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Re-connecting with my last post, I recognized that when people acknowledge the tension between the wicked prospering and the righteous suffering, there are some predictable responses.

In Psalm 73 and verse 10, Asaph says

"And so the people are dismayed and confused, drinking in all their words".

This ethical and moral dilemma of evil people and their conduct being seemingly rewarded produces confusion and dismay.

It produces confusion because everything within us - we who are made in the image of a good God - passionately believes that good must triumph. But our present experience seems to put the lie to that conviction. Confusion is our head response. "The wicked prosper. The righteous suffer. I'm sorry but that just does not compute". Result = confusion.

It produces dismay. This is our heart response. If we, like the people of Asaph's day, drink in all the words of the wicked (v.10), that increases the influence of the wicked to shape our belief system. Dismay links up with its cousins, despair and discouragement and together they begin questioning the foundations of our faith.

"Does God realize what is going on?" they ask. "Is the Most High even aware of what is happening?" Look at these arrogant people enjoying a life of ease while their riches multiply". (Vs.11,12).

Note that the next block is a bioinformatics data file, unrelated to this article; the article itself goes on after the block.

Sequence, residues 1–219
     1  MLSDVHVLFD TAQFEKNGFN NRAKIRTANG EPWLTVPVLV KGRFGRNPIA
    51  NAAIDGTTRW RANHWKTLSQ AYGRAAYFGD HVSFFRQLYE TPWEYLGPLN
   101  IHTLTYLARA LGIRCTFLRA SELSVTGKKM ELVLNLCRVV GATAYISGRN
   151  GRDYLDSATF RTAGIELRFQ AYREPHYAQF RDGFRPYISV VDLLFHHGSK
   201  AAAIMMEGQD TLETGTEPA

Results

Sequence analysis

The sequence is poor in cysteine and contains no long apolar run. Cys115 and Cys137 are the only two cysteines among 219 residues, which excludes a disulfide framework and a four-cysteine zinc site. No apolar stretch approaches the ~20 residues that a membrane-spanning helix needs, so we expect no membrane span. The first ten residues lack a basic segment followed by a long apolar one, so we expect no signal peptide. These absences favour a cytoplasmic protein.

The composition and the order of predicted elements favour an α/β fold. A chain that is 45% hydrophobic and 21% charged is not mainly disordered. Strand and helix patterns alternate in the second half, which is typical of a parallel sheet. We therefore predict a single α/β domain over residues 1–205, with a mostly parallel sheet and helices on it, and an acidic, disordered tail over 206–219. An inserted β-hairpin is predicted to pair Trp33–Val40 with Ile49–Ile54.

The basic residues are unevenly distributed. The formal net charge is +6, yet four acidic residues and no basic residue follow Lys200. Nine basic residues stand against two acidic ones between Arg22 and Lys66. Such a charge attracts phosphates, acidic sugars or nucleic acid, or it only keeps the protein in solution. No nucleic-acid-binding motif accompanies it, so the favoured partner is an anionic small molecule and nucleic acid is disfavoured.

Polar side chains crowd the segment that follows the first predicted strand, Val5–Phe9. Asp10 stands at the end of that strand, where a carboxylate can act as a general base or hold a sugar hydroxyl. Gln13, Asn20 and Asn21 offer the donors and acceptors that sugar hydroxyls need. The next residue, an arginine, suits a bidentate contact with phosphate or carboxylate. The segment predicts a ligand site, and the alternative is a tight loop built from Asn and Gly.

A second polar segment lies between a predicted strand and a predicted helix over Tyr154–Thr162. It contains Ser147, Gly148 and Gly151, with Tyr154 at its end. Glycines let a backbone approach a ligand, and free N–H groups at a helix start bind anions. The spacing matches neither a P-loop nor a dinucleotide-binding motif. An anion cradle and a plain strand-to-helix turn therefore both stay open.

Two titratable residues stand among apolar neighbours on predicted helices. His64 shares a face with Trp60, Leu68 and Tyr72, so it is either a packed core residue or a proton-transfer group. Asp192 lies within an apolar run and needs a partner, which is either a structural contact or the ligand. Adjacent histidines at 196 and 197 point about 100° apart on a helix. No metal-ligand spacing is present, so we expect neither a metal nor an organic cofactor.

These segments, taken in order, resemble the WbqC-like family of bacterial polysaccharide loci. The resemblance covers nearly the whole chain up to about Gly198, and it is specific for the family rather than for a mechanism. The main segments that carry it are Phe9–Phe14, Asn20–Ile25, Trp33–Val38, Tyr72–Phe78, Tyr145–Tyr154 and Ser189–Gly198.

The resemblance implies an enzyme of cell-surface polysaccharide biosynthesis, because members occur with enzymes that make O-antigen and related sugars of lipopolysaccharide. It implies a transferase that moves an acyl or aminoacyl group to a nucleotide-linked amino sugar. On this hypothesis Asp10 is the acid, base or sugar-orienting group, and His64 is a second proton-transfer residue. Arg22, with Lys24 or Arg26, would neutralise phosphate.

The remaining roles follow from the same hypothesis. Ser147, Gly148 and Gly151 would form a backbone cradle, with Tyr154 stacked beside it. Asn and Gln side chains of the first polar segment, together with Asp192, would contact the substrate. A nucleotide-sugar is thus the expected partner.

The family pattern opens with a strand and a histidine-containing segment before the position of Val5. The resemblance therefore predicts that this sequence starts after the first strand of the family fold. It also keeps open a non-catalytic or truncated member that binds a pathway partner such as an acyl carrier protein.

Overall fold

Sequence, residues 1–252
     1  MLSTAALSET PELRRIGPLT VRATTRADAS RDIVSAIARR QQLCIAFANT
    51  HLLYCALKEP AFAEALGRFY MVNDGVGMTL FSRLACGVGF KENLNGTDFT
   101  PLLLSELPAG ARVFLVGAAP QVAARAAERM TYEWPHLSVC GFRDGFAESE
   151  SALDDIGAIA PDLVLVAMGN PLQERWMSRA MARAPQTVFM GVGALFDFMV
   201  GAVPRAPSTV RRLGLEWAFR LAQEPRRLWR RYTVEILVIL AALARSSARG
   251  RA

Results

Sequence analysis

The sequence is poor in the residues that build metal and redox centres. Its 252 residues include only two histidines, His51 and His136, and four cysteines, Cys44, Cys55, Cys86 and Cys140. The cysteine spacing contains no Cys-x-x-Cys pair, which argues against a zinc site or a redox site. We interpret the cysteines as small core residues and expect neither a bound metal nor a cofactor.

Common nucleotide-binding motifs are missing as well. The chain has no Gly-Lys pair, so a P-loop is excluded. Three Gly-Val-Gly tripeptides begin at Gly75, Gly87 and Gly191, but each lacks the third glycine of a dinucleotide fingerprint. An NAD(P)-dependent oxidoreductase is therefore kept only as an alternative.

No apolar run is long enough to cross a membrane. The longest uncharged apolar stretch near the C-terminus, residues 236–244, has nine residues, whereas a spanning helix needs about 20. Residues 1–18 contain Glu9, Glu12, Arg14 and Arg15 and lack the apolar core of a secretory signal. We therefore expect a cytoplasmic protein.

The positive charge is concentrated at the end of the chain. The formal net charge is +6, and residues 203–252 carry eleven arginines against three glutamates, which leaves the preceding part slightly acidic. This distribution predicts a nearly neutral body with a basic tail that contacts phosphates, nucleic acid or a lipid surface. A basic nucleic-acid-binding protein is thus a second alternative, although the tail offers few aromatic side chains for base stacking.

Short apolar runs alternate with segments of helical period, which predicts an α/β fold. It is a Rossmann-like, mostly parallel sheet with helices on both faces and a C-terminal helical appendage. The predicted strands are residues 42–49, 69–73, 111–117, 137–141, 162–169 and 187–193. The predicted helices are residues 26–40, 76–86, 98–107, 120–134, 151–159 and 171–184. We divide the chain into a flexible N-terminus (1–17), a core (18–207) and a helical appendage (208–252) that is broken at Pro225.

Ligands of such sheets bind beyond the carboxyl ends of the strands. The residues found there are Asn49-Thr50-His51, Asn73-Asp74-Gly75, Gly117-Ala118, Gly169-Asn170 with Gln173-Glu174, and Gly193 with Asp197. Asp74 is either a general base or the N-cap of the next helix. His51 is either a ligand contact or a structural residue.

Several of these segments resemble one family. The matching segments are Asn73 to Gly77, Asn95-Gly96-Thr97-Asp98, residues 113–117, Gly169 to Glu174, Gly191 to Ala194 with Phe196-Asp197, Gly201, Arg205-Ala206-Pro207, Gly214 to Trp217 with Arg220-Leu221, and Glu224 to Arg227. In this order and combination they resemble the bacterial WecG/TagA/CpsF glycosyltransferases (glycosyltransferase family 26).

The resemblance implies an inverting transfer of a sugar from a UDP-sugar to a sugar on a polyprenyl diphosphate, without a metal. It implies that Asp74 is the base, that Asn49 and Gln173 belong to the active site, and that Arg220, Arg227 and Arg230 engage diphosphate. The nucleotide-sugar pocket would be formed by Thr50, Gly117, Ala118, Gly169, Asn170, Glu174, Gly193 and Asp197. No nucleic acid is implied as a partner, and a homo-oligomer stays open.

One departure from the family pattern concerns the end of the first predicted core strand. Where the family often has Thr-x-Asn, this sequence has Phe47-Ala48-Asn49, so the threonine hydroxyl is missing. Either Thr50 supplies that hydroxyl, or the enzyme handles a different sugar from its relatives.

In this case, questioning God is not an act of rebellion. It is an expression of confusion and dismay. But then Asaph testifies to his own personal struggle in seeking some understanding of this whole moral and ethical issue. He now expands on what he has already expressed back in vs.2,3. In the name of honesty and integrity he cannot disconnect himself from this whole drama and simply be a dispassionate observer. Now he moves from reporting what others say and feel to what he himself experiences.

"Was it for nothing that I kept my heart pure and kept myself from doing wrong? All I get is trouble all day long; every morning brings me pain. (Ps 73:13-14 NLT)

These are genuine questions. Yet even though Asaph wrestled with these, he felt guilty at the prospect of owning them publicly. If I had really spoken this way, I would have been a traitor to your people. (v.15) Finally he gives himself to what is possibly life's greatest enigma.

So I tried to understand why the wicked prosper. But what a difficult task it is! (v.16) What a difficult task, indeed!!

However, it is at this point in the psalm that a breakthrough comes for Asaph. The darkness of confusion and dismay is penetrated by a light that transforms his perspective. Did this light resolve the issue for him completely? Does it finally and fully resolve it for me?

I want to outline this in my next post.

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